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Digesting Recipes: The Art of Culinary Notation

Digesting Recipes: The Art of Culinary Notation

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Digesting Recipes: The Art of Culinary Notation

129 pagine
2 ore
Jun 26, 2015


Digesting Recipes: The Art of Culinary Notation scrutinises the form of the recipe, using it as a means to explore a multitude of subjects in post-war Western art and culture, including industrial mass-production, consumerism, hidden labour, and art engaged with the everyday. Each chapter is presented as a dish in a nine-course meal, drawing on examples from published cookbooks and the work of artists such as Alison Knowles, Yoko Ono, Annette Messager, Martha Rosler, Barbara T. Smith, Bobby Baker and Mika Rottenberg. A recipe is an instruction, the imperative tone of the expert, but this constraint can offer its own kind of potential. A recipe need not be a domestic trap but might instead offer escape – something to fantasise about or aspire to. It can hold a promise of transformation both actual and metaphorical. It can be a proposal for action, or envision a possible future.
Jun 26, 2015

Informazioni sull'autore

Susannah Worth is a writer and editor, and has worked in arts publishing since 2006.

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Digesting Recipes - Susannah Worth



Digesting Recipes switches beautifully between questions of genre, language, art and meaning. Susannah Worth thinks carefully and fruitfully about feminist arguments relating to art history and domesticity in particular, with sensitivity and great insight. Her sparkling prose is smooth and engaging, with fresh readings of some by-now classic feminist artworks as well as more recent and obscure pieces. Her focus is acute and laser-like, moving with ease between politics, history and aesthetics. The format of the piece – presented as courses of a meal – is ingenious and highly successful, allowing the inclusion of an interview, short critical entries, readings of specific artworks, an excellent cookbook bibliography, and so on.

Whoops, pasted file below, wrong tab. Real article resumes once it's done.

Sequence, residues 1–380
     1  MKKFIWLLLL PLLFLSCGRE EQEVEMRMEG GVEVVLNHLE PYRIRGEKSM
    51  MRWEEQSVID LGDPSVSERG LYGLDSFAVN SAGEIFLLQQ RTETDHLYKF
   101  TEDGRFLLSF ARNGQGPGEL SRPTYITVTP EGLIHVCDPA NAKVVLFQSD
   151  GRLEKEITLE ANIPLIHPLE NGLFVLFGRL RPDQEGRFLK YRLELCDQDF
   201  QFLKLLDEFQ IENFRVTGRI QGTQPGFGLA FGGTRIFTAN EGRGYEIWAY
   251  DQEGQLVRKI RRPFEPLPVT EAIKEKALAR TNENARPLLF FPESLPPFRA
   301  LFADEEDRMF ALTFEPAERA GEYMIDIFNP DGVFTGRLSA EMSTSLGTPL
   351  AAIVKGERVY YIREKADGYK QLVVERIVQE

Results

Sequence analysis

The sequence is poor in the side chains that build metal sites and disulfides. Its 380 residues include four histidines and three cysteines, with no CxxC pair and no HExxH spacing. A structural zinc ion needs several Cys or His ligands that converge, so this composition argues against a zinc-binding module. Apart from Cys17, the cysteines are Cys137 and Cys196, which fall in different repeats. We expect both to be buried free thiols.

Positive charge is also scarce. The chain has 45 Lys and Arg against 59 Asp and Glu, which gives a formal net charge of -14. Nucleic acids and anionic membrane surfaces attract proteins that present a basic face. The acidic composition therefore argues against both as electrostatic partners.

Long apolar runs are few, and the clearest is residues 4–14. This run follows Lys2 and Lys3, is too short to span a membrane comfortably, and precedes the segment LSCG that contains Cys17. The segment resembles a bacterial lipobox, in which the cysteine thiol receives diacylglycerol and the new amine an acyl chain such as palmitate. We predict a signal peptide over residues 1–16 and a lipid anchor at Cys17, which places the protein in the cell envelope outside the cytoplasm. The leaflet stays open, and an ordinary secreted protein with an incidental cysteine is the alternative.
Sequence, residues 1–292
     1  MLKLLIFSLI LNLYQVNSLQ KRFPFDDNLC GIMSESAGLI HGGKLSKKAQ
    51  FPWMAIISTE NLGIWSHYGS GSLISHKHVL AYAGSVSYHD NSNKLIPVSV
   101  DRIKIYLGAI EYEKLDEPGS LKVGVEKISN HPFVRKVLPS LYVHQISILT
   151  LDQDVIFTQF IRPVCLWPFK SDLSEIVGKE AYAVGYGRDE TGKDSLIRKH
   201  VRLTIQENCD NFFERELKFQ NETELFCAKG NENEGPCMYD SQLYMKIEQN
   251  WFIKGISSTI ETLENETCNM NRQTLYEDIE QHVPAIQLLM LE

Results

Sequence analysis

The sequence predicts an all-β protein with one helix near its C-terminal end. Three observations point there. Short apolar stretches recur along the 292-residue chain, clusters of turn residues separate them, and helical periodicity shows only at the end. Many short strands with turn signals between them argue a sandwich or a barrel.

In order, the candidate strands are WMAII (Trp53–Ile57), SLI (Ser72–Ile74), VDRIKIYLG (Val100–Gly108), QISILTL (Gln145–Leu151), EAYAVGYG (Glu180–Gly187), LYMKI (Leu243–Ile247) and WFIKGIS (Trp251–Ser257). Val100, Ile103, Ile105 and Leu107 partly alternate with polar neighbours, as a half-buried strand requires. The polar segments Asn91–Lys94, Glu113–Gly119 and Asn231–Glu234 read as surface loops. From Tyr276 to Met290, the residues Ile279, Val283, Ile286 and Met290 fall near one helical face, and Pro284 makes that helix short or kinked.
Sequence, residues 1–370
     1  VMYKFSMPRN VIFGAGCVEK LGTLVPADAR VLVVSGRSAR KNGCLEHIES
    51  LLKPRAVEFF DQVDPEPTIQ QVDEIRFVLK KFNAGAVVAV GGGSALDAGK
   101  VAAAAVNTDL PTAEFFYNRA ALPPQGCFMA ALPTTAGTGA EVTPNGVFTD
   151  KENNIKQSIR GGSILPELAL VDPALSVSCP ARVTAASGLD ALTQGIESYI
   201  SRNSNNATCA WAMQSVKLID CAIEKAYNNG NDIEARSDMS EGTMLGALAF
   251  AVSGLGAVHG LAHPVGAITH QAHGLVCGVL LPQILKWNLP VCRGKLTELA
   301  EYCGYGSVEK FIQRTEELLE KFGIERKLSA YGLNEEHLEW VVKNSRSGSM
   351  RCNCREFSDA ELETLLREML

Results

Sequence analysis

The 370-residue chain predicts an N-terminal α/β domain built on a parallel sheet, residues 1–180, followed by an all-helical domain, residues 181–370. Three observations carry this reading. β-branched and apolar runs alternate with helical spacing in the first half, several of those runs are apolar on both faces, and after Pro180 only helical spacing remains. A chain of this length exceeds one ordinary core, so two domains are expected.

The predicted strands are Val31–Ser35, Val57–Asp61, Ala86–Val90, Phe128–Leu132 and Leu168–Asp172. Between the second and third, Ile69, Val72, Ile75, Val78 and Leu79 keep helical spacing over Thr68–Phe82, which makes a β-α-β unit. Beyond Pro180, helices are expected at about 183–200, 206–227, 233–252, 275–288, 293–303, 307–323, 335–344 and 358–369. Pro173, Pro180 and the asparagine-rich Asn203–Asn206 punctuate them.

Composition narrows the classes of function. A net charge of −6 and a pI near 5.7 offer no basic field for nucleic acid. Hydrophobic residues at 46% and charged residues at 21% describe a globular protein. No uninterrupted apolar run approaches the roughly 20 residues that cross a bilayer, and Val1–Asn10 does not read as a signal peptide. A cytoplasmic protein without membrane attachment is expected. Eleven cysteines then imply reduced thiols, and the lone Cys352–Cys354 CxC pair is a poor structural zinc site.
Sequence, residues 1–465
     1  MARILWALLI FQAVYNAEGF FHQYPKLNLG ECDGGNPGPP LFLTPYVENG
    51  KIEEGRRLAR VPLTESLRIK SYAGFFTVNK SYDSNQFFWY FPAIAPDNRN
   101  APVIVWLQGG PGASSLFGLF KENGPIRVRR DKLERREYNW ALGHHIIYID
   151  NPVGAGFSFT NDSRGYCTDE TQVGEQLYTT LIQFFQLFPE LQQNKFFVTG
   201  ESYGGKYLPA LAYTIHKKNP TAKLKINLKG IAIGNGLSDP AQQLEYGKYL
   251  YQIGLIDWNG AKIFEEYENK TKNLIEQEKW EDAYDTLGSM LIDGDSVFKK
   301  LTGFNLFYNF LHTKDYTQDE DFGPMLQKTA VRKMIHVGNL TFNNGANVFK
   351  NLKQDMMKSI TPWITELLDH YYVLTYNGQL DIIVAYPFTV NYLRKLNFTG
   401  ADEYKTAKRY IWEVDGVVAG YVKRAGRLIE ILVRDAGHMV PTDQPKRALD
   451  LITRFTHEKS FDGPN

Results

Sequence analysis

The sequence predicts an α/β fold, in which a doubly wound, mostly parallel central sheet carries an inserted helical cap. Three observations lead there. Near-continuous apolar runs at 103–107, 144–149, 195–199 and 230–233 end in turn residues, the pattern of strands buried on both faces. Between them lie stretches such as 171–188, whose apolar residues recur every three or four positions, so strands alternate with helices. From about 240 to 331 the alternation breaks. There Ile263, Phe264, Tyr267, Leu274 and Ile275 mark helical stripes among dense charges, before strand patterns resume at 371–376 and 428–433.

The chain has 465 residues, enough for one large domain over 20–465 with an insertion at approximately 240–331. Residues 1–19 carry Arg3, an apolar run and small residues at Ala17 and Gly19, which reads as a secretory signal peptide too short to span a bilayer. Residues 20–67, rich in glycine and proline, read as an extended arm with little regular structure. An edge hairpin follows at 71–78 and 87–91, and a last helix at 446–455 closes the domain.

Nina Power, author of One-Dimensional Woman

This is a wonderful book. As with the most seemingly casual of chefs, such acute intuition comes as the result of a great deal of work and a complete understanding of materials. The range of sources is expansive, and across many disciplines, and they are handled with confidence and an easy familiarity. As with many dishes, the simple things are the most difficult to achieve well, as there is no means of hiding bad ingredients or poor method. Neither is found here; indeed, good ideas, well presented are to be found on every page. This is a work that somehow manages to be both well done and rare.

Jeremy Millar, artist and writer

Food and hunger have long been recurrent themes in my own work. But I am not the only one! We are all hungry for guidance and recipes and instructions which make it easier for us to get out of bed in the morning, easier for us to swallow the media’s news, National Enquirer’s fibs, easier for us to face our aging faces and IT-ed minds. Thankfully, Susannah Worth’s book, Digesting Recipes, helps to get us to the truth of ART+LIFE.

Linda Mary Montano, performance artist and author of Art in Everyday Life, Performance Artists Talking in the Eighties, Letters from Linda M. Montano, Mildred’s Death and You Too Are A Performance Artist

Susannah Worth sifts and pares the familiar genre of the recipe so that we might better appreciate how politically calorific this bearer of cultural codes really is. The manifold approach of Digesting Recipes to an apparently singular subject is invigorating, its visual art and literary leanings enriching. At a time when competitive leisure cooking, not to mention eating, saturates the television, the high street and the more prosaic channels of the brain, the book performs the important job of reestablishing critical and historical perspectives onto a quotidian authoritarian form.

Sally O’Reilly, writer of The Body in Contemporary Art (World of Art)

Digesting Recipes takes an off-beat and highly refreshing postmodern look at cookbooks as markers of cultural identity. Recipes, it makes clear, are far more than cooking directions. After reading this, I have a whole new appreciation for what recipes can tell us about the deeper meanings of modern society.

Marion Nestle, Professor of nutrition, food studies, and public health at New York University and author of What to Eat

First published by Zero Books, 2015